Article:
Do you hate Vampire Weekend
yet? Join the club. The "indie" band is selling out shows, garnering rave reviews, playing on "Saturday Night Live
," and spinning every hour on rock radio, all while sporting spiffy cardigans and speaking like Scrabble champs. They're even featured in an ad on MTV defining an Oxford comma
. Who are these guys? Where did they come from?
To the casual fan, the band appears to be an overnight success, which is far from the case. It all started back in October 2006 when Matt Yanchyshyn casually mentioned the fledgling New York group Vampire Weekend in an article
for the music blog Benn Loxo Taccu. This initial post began a modest yet accelerating buzz train.
The band began popping up on other blogs, and one year later,when David Byrne
saw them open for Animal Collective
and compared their sound
to the Talking Heads
, hype around VW reached a boil. Keep in mind that they were still working on their debut album, which wouldn't be released until three months later.
As had happened to most hyped records of the digital age, the album leaked on the internet, allowing many to hear what the buzz was about, creating an avid following before the album hit stores. On the night of the official release, the band sold out the Bowery Ballroom in New York. It seemed as though the blog/hype machine had sealed the band's success. Or had it?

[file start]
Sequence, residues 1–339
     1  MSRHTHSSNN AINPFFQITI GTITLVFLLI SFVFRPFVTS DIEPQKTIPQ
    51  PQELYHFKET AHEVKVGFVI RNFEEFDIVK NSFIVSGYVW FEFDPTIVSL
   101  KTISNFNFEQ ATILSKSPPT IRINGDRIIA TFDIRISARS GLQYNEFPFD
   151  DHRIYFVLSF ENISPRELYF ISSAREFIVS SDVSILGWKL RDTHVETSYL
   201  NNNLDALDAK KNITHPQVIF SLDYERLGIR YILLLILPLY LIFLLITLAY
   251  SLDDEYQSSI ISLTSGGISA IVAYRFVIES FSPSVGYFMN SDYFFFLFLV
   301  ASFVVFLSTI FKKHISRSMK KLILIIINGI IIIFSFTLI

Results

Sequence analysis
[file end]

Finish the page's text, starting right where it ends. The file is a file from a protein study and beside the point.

The band, or any type of fad that grows too quickly, reaches a tipping point when over saturation incites backlash. Too much positive hype breeds negative responses.
Here's an example. There's a new pizza place in town that everybody's talking about. I have never had a slice. Everyone tells me, "You need to have this pizza! Best pizza I've ever had! I love that pizza more than my husband!" and so on. So when I finally sit down for my first bite, my judgment has being clouded by the hype, whether I'm aware of it or not. I could love the pizza. It could ease past my lips and envelope my mouth, making my taste buds pirouette with glee, or, since I'm so annoyed with everyone badgering me about eating this stupid pizza, I could just as easily denounce their glowing opinions and find the slice merely so-so. Either way, my decision was determined by my reaction to the hype.
The goal is to approach the pizza and Vampire Weekend's album with a clear mind. VW's debut album may not change the face of indie rock, but it's still a carefully crafted, creative, fun record. However, if I catch my grandmother humming "Cape Cod Kwassa Kwassa" I reserve the right to change my mind.
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Story by Patrick Gaughan
Starpulse contributing writer